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Productivity Commission to tackle default super

By Tim Stewart
3 minute read

The government has released the terms of reference for the Productivity Commission's review into the efficiency of the default superannuation system.

In its October 2015 response to the Financial System Inquiry final report, the Turnbull government promised to task the Productivity Commission with "immediately develop[ing] and releas[ing] criteria to assess the efficiency and competitiveness of the superannuation system".

The terms of reference for the Superannuation Competitiveness and Efficiency Review, released on Wednesday, allow the Productivity Commission to have regard to:

  • operational efficiency, where products and services are delivered in a way that minimises costs and maximises value, which can be enhanced by competition and innovation from new entrants and incumbents
  • allocative efficiency, where the system allocates resources to the most productive use and optimally allocates risks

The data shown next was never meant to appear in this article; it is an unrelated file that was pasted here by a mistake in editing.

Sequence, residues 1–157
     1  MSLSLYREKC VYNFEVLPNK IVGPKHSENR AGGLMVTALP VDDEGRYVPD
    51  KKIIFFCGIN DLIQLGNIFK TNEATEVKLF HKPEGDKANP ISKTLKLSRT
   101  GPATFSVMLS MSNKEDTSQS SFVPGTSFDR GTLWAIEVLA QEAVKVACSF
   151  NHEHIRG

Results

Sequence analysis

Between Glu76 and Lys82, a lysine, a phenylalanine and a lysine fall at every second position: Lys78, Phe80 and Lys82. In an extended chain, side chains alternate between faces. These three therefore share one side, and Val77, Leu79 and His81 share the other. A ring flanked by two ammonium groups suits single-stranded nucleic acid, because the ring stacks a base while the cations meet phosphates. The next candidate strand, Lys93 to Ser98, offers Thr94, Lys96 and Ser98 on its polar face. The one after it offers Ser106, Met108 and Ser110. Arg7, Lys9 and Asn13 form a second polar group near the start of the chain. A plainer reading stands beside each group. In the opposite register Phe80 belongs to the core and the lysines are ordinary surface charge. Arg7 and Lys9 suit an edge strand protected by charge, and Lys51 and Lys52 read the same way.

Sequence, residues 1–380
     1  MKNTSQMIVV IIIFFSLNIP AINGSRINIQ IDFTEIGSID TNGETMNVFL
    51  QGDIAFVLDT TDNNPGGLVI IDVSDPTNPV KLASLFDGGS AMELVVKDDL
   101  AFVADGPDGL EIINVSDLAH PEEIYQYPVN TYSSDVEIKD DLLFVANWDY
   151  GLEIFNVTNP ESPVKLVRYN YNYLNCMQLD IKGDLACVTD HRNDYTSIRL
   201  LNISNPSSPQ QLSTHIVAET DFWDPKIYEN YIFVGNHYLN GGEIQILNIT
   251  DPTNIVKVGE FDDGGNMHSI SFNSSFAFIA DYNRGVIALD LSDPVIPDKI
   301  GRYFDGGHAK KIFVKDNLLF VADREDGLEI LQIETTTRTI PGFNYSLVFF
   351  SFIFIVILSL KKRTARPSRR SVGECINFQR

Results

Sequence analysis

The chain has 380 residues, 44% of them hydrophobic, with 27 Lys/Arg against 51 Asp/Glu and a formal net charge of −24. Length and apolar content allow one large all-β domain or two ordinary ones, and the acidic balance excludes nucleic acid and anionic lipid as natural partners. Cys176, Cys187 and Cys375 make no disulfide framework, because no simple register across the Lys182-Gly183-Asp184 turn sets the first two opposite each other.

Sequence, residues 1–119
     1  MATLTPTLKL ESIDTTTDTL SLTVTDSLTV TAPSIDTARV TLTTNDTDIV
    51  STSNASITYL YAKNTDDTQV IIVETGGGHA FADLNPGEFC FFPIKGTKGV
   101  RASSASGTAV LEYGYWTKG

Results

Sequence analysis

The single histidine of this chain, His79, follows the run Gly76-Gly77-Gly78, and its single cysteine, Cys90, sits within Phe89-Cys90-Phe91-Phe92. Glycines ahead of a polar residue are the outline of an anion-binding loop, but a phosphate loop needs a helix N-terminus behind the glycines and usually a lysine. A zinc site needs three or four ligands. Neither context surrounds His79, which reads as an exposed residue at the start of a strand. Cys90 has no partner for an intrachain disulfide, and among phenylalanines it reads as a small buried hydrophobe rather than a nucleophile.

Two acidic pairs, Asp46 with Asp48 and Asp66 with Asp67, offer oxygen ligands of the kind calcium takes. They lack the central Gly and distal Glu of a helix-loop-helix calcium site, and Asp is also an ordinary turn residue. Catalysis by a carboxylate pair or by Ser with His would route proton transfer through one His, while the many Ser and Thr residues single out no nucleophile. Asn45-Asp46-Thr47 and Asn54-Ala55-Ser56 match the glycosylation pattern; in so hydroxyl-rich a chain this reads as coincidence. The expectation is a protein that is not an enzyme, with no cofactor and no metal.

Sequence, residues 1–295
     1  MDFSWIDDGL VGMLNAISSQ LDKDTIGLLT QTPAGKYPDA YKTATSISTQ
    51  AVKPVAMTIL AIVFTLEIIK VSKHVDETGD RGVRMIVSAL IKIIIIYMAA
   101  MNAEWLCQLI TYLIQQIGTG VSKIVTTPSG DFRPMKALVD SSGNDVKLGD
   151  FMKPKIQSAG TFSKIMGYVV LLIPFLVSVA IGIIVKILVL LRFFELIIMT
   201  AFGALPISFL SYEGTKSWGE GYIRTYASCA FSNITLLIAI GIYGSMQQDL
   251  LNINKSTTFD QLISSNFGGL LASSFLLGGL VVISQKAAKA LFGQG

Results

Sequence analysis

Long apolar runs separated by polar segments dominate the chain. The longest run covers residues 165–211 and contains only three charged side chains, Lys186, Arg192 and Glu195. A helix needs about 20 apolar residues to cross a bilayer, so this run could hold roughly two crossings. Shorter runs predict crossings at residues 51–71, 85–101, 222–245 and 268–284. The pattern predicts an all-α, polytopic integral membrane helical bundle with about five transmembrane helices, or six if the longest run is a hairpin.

• dynamic efficiency, including services to members, where the system induces the optimal balance between consumption and saving over time
  • the extent to which the system encourages optimal behaviour on the part of consumers, including consideration of the learnings from behavioural finance.

The Productivity Commission will also have the scope to examine alternative models for a formal competitive process in the default superannuation market in Australia.


"These model(s) would provide viable alternatives for the government's consideration, depending on the outcomes of the review of the efficiency and competitiveness of the superannuation system, which the Productivity Commission will be asked to undertake following the full implementation of the MySuper reforms," according to the terms of reference.

"The developed model(s) should enhance efficiency in the superannuation system in order to improve retirement incomes, including through optimising long-term net returns to members, and build trust and confidence in funds regulated by the Australian Prudential Regulation Authority (APRA).

"The models developed should consider default fund selection across the superannuation system as a whole," according to the terms of reference.

The Productivity Commission may also consider auction, tender and other types of competitive processes – including those used in Chile, New Zealand and Sweden.

The final research report is expected to be handed to the government in November 2016 and publicly released "shortly after".

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